In late 1981 we designed and built the first Rowley Skiff, catalyzed by Gordon Abbott who was Head of the Trustees of Reservations at the time. The original design was guided loosely by a photograph of a west coast seining skiff. Twenty- five 6.1 m (20 feet) were built and twenty-five 6.8m (22 feet), all built to order as custom boats, not identical but with similar hulls. A number of blunt bow versions were built including a half dozen landing craft.
During 2009, several newer versions similar but not identical to the originals have been built. This latter versions are of considerably heavier construction
We built the first 20 ft. Rowley Skiff still in use at Fernald’s Marine in Newbury, MA in late 1981. Favorable publicity thanks to an article by Mike Badham in the Maine Commercial Fishing News got us off to a good start. We sold 25 – 20 footers (the 6.1m), and 25 – 22 footers (the 6.8m) over the next several years, and sold a half dozen blunt bows models, some with landing craft bow doors. We call these the Thacher Island model.
Often those inquiring wanted vee bottom boats. We wondered if the market was saturated. We stopped advertising in the National Fisherman. This discontinuation became a self fulfilling prophecy. Whether we would have continued to sell these boats we’ll never know. What we do know is that most of them are still in service and that they command a higher price now after about 25 years than when they were new. Twenty-twenty hindsight says we should have perhaps continued advertising. We did started building 7.4m (24.3 ft.) modified vee bottom boats (what we call Cape Ann Sea Skiffs) in sizes up to over 60 feet.
The Rowley skiffs, not having self bailing cockpits, were less costly to build than an equivalent vee bottom boat with a self bailing cockpit. Though most people want a self bailing cockpit there is a case for not having one in a small boat, viz. more inside freeboard is possible without raising the sides and increasing the windage. The Rowley Skiff lacking a self bailing cockpit did have several air chambers making it virtually unsinkable if swamped.
However, one of our 22 footers did sink, thanks to someone apparently pissed off punching a half dozen good sized holes in the bottom and in the air chambers. The guy who did this must have been an energetic fellow since it takes about 600 ft-lb. of work to punch a 1- 1/4 inch hole in a 3/16th inch bottom made of 5086 H32. A 20T press would be marginal for the task. In this case it looked like the guy used a heavy crow thrusting with considerable velocity, and accuracy since he sure as hell couldn’t penetrate with one stroke. Or maybe he used a sharp pointed punch and a BFH).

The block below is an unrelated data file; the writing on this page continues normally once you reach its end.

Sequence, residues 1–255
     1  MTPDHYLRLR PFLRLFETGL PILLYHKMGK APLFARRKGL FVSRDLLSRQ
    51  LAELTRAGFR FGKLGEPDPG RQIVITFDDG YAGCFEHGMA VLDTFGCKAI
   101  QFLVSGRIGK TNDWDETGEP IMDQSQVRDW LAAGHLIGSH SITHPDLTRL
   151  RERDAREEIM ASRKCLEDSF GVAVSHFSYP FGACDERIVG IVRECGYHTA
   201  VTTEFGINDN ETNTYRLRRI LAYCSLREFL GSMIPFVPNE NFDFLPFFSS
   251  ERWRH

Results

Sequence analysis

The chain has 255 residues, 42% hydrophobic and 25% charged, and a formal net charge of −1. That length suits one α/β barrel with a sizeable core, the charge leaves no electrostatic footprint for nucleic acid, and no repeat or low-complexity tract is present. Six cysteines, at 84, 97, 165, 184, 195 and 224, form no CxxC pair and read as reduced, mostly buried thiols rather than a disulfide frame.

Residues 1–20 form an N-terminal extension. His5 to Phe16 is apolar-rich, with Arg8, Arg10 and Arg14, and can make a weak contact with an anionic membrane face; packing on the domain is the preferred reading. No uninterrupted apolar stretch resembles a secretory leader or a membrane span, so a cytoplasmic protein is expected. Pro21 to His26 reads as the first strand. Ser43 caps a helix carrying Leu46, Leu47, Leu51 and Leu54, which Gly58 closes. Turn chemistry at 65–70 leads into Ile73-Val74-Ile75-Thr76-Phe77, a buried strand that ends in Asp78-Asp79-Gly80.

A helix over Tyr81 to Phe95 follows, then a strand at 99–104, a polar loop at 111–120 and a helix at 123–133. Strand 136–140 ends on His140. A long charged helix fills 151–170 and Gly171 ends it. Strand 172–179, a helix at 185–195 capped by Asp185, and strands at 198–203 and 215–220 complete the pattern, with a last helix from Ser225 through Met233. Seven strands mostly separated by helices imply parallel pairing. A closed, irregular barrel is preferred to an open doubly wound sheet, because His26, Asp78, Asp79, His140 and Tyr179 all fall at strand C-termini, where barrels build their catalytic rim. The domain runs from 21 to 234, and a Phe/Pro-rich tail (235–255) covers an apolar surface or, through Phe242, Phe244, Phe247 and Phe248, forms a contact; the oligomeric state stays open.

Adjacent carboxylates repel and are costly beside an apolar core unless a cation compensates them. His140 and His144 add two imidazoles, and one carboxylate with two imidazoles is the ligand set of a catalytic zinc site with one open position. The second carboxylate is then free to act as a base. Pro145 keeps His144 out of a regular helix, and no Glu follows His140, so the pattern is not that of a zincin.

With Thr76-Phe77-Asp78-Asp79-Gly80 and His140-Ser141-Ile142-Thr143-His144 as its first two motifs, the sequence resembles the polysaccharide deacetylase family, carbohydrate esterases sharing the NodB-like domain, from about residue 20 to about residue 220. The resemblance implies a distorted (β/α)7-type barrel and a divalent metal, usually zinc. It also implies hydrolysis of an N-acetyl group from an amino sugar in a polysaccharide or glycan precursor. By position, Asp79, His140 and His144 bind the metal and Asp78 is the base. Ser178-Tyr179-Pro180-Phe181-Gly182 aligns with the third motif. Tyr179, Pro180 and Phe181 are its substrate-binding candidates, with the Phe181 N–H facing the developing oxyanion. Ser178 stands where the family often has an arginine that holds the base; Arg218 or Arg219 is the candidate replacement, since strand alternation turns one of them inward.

At any rate the owner called here saying. “Jack, I need another boat. The day before I had received a call from a diver who found one of our boats in 100 feet of water; and salvaged it. So when the owner called I got the owner and diver together. We got a small repair job out of it which took maybe 2 hours, showing the ease with which a welded aluminum boat can be repaired.
Fast forward to the fall of 2008 – David Quinby, a Maine urchin fisherman was using a 20 ft wood skiff which had been a very good boat. He also ran a 28.5 ft. steel boat with a displacement hull. He came up with the idea of building a welded aluminum boat midway in size between the two which would combine the attributes of both and could replace the other two. He contacted us to determine our interest in replicating an Oregon surf dory in aluminum. He bought plans for it. We talked to David, felt his pulse on cost told him we’d like to build it. We made two wood models 1/16th scale. The better of the two made by Warren Jepson, our general manager, looked good and was to David’s liking. An order resulted the early stages of which are evident in the photographs. Though resembling the original Rowley skiffs, it is a new start since the patterns and the wood jig of the original have long since been scrapped.
David’s boat has more rocker forward to suit his needs. It’s a little longer and beamier being 7m (23 ft. 1in.) with a beam of 8 ft. 7 inches. Construction is heavier with a 1/4 inch bottom and 3/16th sides, all of 5086 H32 or H116 aluminum alloy. Like the original it does not have a self bailing cockpit and thus has substantial inside free board. Inside freeboard at the lowest point in the sheer is about 31 inches. Up towards the bow it is over 36 inches, and at the transom is about 32 inches. Several air chamber/storage compartments assure that she won’t sink if completely swamped. She’s powered by a Volvo V-8, 5.7L gas engine with a Volvo duo prop stern drive. Although providing a lot more power than needed, the engine was from a re-power at an attractive price.
David thinks others will be interested in this boat. With a ppi (pounds per inch immersion) of about 700 lb., she’d carry 6,000 lb. with 12 inches immersion. Dave does not anticipate carrying more than 2,000 to 3,000 lb. With a 3,000 lb. load his new boat should do an estimated 20+ knots at about 75% power. Any one interested is a relatively fast boat with good load capacity might well consider this Rowley Skiff II. Depending on the details of your arrangement and the power installed, the boat will sell in the $30 to $45K range.
Call us or if you want a user’s input, call David Quinby @ 207- 326 – 8300 (home phone) between 1:00P and 6:00P.
Rowley Skiff Quincy boat
Rowley Skiff Quincy Boat